tlhIngan-Hol Archive: Thu Dec 06 20:09:05 2007

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Re: Basic grammar question

Qang qu'wI' (qang.qu.wi@gmail.com)



On Dec 5, 2007 4:54 PM, David Trimboli <david@trimboli.name> wrote:
> So now why do you readily use {yaSpu'vaD jIHvaD je} where before you
> were hesitant to write {targh jIH je}?
>

For {yaSpu'vaD jIHvaD je}, nothing else in the sentence would otherwise
indicate that {jIH} is a beneficiary.  It adds fully independent
information.

For {maleng targh jIH je}, it's already known that the speaker is part of
the subject.  The {jIH}, however, can't be viewed as entirely redundant
because - as ghunchu'wI' pointed out - there is an ambiguity between {maleng
targh maH je} and {maleng targh jIH je} if Klingon were to allow one to omit
the {jIH}.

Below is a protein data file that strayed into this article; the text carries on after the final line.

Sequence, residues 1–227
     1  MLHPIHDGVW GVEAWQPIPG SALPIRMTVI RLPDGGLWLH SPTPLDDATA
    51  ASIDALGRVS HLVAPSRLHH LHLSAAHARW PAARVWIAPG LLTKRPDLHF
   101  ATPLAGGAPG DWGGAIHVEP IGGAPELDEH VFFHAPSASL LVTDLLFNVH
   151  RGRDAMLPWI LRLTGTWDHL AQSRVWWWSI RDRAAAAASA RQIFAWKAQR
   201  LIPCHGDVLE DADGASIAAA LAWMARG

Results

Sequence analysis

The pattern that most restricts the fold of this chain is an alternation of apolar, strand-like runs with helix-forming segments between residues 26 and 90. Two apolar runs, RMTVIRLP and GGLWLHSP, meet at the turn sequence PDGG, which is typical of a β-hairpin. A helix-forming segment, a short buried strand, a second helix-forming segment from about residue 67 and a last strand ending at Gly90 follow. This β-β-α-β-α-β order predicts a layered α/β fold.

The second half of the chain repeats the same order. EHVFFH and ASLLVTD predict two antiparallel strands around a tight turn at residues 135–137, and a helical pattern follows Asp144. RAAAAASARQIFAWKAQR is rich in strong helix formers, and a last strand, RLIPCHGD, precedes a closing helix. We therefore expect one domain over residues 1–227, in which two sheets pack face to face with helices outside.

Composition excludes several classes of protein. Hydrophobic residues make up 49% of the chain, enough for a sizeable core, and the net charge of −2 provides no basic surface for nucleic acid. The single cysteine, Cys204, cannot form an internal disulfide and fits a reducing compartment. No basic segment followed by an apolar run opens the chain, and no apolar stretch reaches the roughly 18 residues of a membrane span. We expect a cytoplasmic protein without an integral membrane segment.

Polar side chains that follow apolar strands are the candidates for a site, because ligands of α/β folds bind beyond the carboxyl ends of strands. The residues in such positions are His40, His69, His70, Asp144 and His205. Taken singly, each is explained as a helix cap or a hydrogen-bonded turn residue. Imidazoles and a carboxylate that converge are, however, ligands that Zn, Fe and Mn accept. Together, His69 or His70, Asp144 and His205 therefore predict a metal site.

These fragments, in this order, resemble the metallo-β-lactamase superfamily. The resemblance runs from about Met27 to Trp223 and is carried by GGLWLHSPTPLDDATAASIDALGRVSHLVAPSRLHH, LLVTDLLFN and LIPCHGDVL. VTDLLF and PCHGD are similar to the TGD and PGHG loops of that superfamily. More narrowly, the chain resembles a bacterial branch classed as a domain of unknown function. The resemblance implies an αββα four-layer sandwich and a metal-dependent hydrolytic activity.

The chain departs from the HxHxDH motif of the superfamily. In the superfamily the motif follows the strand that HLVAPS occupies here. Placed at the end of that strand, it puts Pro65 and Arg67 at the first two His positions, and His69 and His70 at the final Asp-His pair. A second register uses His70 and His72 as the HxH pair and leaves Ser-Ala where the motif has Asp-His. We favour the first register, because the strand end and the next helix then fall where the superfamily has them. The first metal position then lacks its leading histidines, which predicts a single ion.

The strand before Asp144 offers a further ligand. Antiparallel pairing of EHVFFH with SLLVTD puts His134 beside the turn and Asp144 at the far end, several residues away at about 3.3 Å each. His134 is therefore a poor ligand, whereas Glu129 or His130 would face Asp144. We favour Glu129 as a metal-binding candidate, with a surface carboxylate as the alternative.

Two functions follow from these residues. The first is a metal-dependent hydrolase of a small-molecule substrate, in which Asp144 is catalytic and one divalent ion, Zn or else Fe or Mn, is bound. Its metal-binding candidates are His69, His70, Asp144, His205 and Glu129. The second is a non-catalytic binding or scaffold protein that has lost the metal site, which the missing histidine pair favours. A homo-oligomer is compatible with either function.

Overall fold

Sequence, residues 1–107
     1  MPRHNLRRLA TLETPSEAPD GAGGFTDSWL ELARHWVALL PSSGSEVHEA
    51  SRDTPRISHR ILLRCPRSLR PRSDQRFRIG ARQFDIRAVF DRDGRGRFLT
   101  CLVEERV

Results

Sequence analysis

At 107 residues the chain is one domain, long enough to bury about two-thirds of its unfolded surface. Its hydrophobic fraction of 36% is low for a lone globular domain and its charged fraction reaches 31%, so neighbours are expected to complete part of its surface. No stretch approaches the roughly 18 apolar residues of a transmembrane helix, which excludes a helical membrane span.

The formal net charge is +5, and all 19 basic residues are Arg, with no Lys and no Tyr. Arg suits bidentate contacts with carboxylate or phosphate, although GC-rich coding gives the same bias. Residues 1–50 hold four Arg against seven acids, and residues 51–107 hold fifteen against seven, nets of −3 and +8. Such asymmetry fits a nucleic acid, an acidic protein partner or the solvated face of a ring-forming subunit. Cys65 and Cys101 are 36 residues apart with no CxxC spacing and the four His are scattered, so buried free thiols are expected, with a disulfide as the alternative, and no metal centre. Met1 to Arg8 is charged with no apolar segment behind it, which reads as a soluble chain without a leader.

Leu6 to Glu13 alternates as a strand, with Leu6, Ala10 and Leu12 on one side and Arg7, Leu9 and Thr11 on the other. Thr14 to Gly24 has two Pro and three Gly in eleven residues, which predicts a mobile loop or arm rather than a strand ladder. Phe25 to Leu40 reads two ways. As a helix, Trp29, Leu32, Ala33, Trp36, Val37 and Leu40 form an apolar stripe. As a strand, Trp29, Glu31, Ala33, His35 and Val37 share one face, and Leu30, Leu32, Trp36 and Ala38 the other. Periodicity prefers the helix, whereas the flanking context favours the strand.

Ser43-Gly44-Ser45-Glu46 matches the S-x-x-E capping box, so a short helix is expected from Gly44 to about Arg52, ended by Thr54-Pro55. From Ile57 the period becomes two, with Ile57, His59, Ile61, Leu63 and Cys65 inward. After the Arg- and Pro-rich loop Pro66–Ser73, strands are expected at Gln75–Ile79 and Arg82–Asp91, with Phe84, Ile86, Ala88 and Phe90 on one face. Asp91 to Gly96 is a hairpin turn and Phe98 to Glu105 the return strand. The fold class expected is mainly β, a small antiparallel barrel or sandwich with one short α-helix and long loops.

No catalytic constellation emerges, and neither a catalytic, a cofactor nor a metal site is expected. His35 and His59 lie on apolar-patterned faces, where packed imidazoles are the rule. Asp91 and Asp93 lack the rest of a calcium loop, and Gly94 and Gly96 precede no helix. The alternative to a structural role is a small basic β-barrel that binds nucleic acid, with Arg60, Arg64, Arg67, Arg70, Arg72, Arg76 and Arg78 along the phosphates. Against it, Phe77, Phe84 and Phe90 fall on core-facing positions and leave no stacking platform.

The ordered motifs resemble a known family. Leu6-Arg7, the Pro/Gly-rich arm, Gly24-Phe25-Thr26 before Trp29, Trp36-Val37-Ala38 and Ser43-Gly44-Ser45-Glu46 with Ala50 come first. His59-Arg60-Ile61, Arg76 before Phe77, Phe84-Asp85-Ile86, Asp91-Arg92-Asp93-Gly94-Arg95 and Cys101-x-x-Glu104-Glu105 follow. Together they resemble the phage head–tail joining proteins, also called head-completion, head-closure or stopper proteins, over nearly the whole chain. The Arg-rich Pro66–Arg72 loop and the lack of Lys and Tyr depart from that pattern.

On the other hand, the original {maleng qorDu'wIj jIH je} seems to tippy-toe
very close to a situation in which the personal pronoun {jIH} is perfectly
redundant yet absolutely required.


> As an aside, I find it interesting that when you combine the two
> beneficiaries, you reverse their order. Your beneficiaries in your first
> example are reversed in your second example. I wonder if you're
> reversing them because of some notion that in Klingon things are
> backwards?
>
>
No, I have some notion that in English things are backwards. {{;-)>

It's interesting that you noticed that.  I did write it the other way first,
and then switched.  The reason is a style sense of preferring to have the
two nouns marked with {-vaD} together, rather than separated by {latlh}.  If
it had been just "the officers and me" rather than "the other officers and
me", I might have followed the order of the original sentence without
thinking about it.

-- 
Qang qu'wI'






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